Interview: Lindi Ortega Stays Authentic to Herself With New Album, ‘Faded Gloryville’
She's only 35 years old, but Lindi Ortega is an old soul, at least musically. That's apparent not only after a listen to any of the tracks on her brand-new studio album, Faded Gloryville, but also in the way she recorded those tracks, the record's one cover song and her influences.
To make Faded Gloryville, Ortega -- a Nashville transplant from the suburbs of Toronto, Ontario, Canada -- worked with four different producers: Dave Cobb, who also produced Ortega's 2013 Tin Star album; Colin Linden, whom Ortega worked with for 2012's Cigarettes & Truckstops; and the team of John Paul White (formerly of the Civil Wars) and Alabama Shakes' Ben Tanner. Each brought his own style to his set of songs, but all of them shared a desire to record live.
"I believe that captures a spirit," Ortega tells The Boot, "when you can see into the eyes of the people who are playing the song with you."
Cobb, Linden, White and Tanner also indulged Ortega's desire to record using vintage gear. It's something she's done in the past, and she says that she enjoys the nostalgic vibe it lends to her music.
"I find that all the old, classic recordings have a warmth to them that seems to get lost when everything is run through brand-new, pristine equipment," Ortega explains. "I like the low hums that you hear from certain vintage tube amps and things like that."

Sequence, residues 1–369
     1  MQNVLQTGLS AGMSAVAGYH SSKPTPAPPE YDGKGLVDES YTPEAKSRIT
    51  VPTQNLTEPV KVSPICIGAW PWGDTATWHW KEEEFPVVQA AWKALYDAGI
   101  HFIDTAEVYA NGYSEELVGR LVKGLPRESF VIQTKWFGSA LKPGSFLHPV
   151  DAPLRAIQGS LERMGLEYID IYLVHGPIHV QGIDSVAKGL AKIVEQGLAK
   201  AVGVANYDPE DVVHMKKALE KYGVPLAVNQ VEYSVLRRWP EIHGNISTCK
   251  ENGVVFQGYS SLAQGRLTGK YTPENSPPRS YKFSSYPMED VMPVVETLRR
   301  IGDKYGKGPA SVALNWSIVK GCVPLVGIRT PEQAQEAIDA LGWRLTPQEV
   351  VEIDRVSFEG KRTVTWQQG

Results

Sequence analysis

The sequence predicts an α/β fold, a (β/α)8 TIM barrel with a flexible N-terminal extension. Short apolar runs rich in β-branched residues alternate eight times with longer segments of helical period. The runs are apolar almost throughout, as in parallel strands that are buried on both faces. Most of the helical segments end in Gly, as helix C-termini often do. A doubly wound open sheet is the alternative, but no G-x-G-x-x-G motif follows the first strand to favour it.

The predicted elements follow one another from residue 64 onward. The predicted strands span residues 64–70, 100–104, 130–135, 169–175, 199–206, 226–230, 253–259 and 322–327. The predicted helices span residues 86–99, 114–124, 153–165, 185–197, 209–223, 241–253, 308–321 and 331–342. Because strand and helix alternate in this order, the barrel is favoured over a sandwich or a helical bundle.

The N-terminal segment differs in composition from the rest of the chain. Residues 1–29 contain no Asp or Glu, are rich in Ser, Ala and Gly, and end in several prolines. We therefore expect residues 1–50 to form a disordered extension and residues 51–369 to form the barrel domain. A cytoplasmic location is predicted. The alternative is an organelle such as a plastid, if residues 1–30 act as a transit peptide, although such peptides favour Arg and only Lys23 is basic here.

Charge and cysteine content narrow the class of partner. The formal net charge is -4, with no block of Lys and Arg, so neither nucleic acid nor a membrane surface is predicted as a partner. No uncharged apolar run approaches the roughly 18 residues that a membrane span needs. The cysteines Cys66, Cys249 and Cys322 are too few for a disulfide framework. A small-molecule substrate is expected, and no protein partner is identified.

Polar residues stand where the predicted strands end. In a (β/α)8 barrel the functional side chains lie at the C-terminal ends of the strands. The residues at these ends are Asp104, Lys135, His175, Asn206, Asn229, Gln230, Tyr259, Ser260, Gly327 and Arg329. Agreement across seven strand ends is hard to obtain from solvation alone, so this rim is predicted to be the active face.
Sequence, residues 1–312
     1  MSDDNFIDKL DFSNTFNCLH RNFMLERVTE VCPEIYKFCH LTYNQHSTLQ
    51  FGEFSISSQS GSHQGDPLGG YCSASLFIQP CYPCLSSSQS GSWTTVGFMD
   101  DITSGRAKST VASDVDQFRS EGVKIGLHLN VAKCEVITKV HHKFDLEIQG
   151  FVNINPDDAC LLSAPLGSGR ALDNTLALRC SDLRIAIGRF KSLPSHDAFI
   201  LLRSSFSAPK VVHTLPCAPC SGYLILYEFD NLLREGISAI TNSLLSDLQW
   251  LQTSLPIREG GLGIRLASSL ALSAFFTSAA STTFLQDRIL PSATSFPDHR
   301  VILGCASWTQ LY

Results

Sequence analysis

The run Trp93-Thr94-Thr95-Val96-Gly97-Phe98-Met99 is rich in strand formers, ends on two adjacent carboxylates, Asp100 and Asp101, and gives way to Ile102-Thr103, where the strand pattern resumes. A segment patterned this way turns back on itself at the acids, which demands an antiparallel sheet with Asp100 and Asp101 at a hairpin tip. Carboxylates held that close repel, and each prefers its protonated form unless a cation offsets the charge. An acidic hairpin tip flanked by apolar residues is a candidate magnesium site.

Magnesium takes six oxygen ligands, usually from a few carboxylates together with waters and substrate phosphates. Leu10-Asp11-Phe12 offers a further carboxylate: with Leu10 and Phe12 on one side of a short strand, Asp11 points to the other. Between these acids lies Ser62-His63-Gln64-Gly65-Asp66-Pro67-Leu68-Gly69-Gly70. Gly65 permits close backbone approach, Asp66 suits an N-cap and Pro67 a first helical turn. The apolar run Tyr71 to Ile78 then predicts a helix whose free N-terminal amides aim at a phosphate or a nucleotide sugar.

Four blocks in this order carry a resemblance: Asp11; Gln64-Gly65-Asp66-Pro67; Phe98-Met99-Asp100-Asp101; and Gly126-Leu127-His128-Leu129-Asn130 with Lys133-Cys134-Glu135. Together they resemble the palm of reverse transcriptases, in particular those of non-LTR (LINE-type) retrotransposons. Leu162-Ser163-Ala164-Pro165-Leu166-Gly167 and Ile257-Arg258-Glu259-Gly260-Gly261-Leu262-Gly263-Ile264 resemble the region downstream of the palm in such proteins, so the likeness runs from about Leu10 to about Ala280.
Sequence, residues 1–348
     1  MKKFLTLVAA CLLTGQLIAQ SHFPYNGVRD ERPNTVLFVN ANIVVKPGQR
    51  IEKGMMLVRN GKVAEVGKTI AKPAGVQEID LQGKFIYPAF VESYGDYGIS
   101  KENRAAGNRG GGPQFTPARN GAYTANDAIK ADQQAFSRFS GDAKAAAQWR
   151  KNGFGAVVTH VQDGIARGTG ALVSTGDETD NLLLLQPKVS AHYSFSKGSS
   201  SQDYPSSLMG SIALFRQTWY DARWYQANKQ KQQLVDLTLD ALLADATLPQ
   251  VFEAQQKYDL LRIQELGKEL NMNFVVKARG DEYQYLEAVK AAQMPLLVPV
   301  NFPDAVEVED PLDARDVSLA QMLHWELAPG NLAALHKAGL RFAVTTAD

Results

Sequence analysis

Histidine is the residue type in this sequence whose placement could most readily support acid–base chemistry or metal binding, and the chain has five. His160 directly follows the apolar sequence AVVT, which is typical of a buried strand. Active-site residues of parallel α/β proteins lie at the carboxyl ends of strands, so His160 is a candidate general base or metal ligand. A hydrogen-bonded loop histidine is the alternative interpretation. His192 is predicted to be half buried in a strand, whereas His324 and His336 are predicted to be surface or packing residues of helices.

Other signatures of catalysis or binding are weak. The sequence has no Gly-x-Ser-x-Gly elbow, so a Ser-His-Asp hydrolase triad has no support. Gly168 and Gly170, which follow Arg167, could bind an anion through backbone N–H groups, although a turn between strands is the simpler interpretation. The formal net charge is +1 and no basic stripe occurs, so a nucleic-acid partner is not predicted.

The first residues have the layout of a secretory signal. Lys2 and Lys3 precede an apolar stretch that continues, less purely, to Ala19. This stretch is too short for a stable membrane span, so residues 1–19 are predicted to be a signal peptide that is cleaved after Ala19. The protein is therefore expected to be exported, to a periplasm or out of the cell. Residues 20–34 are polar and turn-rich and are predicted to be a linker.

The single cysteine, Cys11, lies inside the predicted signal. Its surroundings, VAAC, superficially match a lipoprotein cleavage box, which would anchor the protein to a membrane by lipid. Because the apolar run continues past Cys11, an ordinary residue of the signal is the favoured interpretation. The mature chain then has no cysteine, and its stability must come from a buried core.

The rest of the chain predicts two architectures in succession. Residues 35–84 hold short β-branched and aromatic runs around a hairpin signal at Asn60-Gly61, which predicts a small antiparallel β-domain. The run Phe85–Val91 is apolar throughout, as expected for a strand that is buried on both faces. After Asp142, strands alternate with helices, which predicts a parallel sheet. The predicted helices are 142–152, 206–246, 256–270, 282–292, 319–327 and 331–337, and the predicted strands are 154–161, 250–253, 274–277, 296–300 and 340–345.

Ortega wrote or co-wrote nine of Faded Gloryville's 10 tracks. The outlier is a cover: the Bee Gees' 1967 single "To Love Somebody." Ortega is the most recent in a long line of artists, including Janis Joplin and Nina Simone, who have recorded the tune; in fact, it was Simone's version of the song that Ortega heard first.
"For me, it kind of spoke to unrequited love and that feeling of longing and yearning," Ortega says of the tune," and I felt like I had songs in my repertoire that also spoke to that, so I thought it would fit well."
Growing up in Pickering, Ontario, Canada, just east of Toronto, Ortega says that she "didn't really know much country music," and that her local music scene was more or less nonexistent -- just "bars that had Top 40 'dude bands' playing," Ortega explains. However, her mother is "a big Civil War buff," listened to a lot of Southern music and enjoyed classic movies like Gone With the Wind, all of which Ortega believes led her down her current path of classic, soulful indie/alt-country.
Ortega started out as an independent artist in Toronto, in the first decade or so of the 2000s, and although she's earned a long list of nominations for Canada's Polaris Music Prize, Juno Awards and Canadian Country Music Association Awards in the years since her 2011 major-label debut, at the time, "not a lot of people were doing [my style of music]," she recalls.
"I was kind of advised against it," Ortega adds. But she persevered, looking to stay authentic to herself.
"Even though it might seem weird to other people that I'm Canadian and half Mexican and half Irish and I'm making this type of music, I felt like I connected to it, and it felt authentic to me, and it felt right for me to be singing in this style," she continues. "I thought that the subject matter of what I was singing about really resonated in this style of music. I just wanted to do what came naturally and felt good."
"I get to experience different genres and different audiences and different scenes," Ortega says, "and, for me, that's really cool."